I agree, so the economic table and the people at the table said, “Yes, we're open-minded,” and all that. Tomorrow, God forbid the government changes and someone else steps up there and looks at their actual mandate. Putting economic study aside, it does not say in their mandate to be innovative. It's great that we've done that, but should we not drive something right into the department's mandate that would have to be taken out to take away this drive for innovation?
    It's an option the committee has. If you are hearing from a number of sources that this is an obstacle, the government would welcome your insights. I know that when Treasury Board Secretariat spoke to you, they did talk about this issue, which is not an unfamiliar one to them.
    Another thing I like in terms of trying to drive changes is the concept of piloting, which you mentioned, or sandboxing, to try new regulations, especially as there are so many innovations. What are your thoughts on that?
    Do you mean regulatory sandboxes?
    We think this is really an important area. Essentially, sandboxes really are places for innovation. Testing and trying new things is part of what we do as a department, and our industry members.
    Maybe I'll turn to Darcy briefly, because this was a significant recommendation from the regulatory discussions that the economic strategy tables had.
    On that point, the economic strategy tables talked about the importance of agile regulations from three perspectives: The first was how they drive innovation, the second, investment, and the third, growth. In that context, sandboxes stood out as being a very vital way to deal with novel issues and the issues that come up in an innovation context, because you need to find a safe way to experiment. A sandbox is a great way to do that.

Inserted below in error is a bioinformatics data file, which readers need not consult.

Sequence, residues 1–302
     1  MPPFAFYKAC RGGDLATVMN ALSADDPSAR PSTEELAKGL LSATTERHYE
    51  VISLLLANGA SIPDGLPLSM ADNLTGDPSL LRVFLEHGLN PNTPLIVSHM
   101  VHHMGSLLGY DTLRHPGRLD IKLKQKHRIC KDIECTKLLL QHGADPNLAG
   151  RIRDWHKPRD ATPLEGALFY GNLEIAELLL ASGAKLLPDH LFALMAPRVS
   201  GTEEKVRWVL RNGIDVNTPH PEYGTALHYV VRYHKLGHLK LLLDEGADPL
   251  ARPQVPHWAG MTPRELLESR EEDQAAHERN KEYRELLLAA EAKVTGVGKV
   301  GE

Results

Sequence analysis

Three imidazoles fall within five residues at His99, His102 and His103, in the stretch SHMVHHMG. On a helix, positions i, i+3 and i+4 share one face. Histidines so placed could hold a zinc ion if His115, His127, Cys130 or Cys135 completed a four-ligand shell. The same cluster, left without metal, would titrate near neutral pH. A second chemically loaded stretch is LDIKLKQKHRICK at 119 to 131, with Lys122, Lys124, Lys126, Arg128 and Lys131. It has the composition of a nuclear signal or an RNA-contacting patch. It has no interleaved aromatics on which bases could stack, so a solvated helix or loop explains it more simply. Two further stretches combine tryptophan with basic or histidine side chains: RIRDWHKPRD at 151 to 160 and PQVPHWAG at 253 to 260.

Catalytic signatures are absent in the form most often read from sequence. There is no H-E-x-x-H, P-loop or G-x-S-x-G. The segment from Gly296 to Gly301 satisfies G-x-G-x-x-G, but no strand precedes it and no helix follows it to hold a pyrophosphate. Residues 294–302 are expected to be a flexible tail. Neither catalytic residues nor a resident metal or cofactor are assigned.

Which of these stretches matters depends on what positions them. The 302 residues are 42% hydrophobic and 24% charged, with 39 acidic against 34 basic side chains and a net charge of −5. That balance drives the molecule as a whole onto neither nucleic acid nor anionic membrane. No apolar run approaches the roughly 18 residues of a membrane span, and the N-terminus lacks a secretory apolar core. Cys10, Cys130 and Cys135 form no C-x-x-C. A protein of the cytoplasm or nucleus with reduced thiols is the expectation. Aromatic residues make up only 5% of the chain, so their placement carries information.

Thank you very much.
    We're going to move to Mr. Chong.
    You have seven minutes, sir.
    Thank you, Mr. Chair, and thank you to our witnesses for appearing.
    I have a couple of questions. First, do you actually have an assessment of how many regulations we have in Canada across the different orders of government? In some of the reading I've been doing, there doesn't appear to be any total number in terms of regulations we have across the different orders of government. Do you have those figures?
    We do have an assessment, the federal regulatory system assessment. I do not believe there is a comprehensive federal-provincial-territorial one, but we do have it on the federal side.
     Yes, but you don't have numbers for provincial and municipal governments.
    Okay. If you had those, they might be useful for the committee. If we're going to help Canadian competitiveness, it would be useful to have an analysis of how many regulations there are, obviously at the federal level, but also at the provincial and municipal levels.
    I've been on and off this committee for 15 years. This is the third time the government has undertaken a broad sweeping initiative to undertake regulatory reform. I remember in 2004 we had the smart regulation initiative, and then in 2010-11 we had the Beyond the Border and regulatory reform initiatives with the establishment of the Regulatory Cooperation Council for a number of areas of regulatory reform. Now we have the latest cabinet directive on this.
    If you look at the data, we continue to slip in the rankings when it comes to regulatory burden. According to the World Economic Forum, Canada now ranks 38th out of a list of countries in terms of regulatory burden for business investment. That's despite all these initiatives that we've been taking. Why is that? Why are we slipping? Is it a lack of political leadership? Is it some other reason? Why are we slipping despite all these initiatives to reduce the regulatory burden?